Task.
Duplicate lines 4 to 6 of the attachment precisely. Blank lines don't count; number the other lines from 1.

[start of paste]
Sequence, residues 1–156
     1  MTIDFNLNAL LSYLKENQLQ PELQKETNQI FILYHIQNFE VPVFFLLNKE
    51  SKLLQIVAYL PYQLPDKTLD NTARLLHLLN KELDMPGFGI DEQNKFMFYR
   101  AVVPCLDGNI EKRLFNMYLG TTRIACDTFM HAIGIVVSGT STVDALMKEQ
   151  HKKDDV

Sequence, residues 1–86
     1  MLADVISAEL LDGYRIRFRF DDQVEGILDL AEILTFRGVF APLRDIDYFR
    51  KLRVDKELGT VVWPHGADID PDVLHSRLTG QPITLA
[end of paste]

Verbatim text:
   101  AVVPCLDGNI EKRLFNMYLG TTRIACDTFM HAIGIVVSGT STVDALMKEQ
   151  HKKDDV

Sequence, residues 1–86